RED Epic Dragon camera gives viewers the next best thing to being in orbit

The RED Epic Dragon camera floating between two spacesuits aboard the ISS(Credit: NASA)

NASA will soon be uploading 6K video clips of the International Space Station (ISS) thanks to the delivery of a RED Epic Dragon super high resolution camera, the same model that was used to shoot Peter Jackson's The Hobbit trilogy. In the coming months, the Epic Dragon will bring viewers closer to the space station than ever before.

RED has a pedigree in making imaging devices of a more Earth-bound nature, and the company's newest contribution to the ISS is sure to contribute to the Earth-imaging revolution that has swept across social media in recent months.

The camera, delivered to the ISS in January by the fifth SpaceX resupply mission, represents a significant leap forward in video recording capabilities for the station. The Epic Dragon camera is capable of shooting up to 300 frames per second in 6K quality, (6144 x 3160 pixels) or if needed can scale the resolution down to that of a standard HDTV (1920 x 1080 pixels)

The Epic Dragon super high resolution camera will allow the station's crew to maximize their observations of scientific experiments and close-proximity ISS maneuvers, such as the docking of manned/unmanned spacecraft. The equipment also represents another powerful tool for the agency's already impressive PR machine.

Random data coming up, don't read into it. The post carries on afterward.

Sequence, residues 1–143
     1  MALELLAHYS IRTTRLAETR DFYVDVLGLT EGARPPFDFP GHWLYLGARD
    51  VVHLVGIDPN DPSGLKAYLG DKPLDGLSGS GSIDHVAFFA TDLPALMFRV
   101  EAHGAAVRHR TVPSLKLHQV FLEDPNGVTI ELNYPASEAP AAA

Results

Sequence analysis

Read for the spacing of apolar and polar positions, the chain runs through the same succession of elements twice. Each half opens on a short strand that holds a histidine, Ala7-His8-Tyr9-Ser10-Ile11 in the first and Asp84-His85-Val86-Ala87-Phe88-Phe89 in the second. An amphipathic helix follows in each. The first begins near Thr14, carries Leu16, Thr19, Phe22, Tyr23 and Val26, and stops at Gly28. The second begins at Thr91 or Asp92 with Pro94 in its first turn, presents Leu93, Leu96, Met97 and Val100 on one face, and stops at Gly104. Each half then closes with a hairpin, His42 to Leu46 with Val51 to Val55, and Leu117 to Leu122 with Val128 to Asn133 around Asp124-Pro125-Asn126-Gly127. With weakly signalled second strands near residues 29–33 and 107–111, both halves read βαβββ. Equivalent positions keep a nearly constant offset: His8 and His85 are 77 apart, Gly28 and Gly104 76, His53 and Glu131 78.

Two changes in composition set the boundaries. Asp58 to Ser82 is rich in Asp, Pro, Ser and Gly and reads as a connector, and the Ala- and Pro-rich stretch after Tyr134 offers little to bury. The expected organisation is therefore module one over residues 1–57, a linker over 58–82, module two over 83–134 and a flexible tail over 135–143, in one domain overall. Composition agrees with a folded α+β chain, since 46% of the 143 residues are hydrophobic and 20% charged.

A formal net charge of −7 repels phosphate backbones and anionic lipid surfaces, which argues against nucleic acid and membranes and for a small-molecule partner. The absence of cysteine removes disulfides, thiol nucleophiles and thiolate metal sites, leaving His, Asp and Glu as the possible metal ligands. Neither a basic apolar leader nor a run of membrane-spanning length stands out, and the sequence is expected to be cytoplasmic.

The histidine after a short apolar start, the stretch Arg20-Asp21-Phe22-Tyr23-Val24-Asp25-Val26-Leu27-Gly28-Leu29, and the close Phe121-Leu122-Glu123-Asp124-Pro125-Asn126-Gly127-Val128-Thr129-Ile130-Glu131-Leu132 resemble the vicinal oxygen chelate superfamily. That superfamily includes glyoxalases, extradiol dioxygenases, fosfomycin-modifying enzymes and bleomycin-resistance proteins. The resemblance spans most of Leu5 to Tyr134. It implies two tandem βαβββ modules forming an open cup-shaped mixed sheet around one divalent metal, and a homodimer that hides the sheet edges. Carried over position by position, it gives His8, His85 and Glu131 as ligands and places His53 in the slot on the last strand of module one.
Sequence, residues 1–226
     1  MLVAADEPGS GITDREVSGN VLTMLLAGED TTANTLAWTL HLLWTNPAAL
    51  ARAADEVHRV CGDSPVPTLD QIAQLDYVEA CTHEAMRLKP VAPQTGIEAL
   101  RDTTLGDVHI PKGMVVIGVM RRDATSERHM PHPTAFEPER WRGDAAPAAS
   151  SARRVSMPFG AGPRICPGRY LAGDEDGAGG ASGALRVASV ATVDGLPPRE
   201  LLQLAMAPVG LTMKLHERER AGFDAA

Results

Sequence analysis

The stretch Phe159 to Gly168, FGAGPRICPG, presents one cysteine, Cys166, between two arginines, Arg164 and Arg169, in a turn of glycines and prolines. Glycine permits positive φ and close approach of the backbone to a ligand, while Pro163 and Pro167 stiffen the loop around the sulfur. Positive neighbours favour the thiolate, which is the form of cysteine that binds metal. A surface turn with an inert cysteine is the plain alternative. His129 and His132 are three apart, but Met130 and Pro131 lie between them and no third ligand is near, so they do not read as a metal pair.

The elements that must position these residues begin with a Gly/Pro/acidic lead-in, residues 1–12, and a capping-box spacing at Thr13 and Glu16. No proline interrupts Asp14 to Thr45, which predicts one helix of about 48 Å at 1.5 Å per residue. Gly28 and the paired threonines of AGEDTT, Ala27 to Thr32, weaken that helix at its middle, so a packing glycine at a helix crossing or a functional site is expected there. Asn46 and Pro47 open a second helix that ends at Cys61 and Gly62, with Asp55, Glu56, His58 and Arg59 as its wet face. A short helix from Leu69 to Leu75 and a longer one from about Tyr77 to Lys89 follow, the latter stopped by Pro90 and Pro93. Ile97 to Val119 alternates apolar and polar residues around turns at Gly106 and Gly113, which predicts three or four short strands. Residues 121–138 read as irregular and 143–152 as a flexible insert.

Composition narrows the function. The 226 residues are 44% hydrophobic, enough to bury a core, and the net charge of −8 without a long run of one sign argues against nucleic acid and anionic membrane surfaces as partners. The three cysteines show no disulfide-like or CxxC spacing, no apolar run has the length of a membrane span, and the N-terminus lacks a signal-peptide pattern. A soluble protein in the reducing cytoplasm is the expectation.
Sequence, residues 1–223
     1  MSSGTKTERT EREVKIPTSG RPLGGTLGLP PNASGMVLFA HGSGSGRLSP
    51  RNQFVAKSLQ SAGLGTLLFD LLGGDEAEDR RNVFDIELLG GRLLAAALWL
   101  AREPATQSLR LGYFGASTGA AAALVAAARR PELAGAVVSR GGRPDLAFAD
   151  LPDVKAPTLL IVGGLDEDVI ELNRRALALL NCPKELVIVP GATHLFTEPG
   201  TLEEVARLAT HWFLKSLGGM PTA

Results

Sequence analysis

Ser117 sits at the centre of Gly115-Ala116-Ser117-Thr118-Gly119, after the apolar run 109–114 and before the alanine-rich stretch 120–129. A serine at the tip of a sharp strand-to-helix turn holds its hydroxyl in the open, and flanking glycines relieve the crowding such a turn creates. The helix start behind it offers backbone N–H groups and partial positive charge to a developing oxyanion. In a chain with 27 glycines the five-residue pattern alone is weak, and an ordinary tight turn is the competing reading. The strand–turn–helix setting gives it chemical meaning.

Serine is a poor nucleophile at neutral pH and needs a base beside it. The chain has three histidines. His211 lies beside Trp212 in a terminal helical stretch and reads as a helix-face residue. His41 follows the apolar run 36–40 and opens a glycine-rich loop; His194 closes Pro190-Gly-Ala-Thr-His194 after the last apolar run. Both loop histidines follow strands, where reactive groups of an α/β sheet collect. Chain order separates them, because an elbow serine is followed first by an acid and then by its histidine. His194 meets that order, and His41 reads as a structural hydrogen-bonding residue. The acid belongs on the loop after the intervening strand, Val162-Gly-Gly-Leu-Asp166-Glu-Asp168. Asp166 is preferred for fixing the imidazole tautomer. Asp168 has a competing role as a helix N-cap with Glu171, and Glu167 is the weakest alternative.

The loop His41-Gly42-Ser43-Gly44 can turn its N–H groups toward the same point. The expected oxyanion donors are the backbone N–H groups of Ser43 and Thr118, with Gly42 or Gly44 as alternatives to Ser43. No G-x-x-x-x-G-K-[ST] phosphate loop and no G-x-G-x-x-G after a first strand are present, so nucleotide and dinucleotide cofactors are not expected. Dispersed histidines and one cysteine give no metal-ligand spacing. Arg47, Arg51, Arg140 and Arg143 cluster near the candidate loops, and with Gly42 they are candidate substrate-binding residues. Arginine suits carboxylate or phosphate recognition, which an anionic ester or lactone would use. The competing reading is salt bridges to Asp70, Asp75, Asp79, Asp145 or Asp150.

However, on a more basic level NASA is bringing a clearer view of humanity's most isolated outpost, a symbol of international cooperation that belongs to everyone and that will be readily accessible soon in stunning definition to anyone with an internet connection and a 4K-compatible screen.

In June, NASA released a number of videos taken by the Epic Dragon to show off the quality of the new camera. The agency has now released a new, more playful video, showing astronaut Terry Virts watching the results of an effervescent tablet reacting in a floating water bubble. The agency plan to upload more ultra high resolution video to its ReelNASA YouTube channel soon.

Scroll down for a look at NASA's newest Epic Dragon video.

Source: NASA

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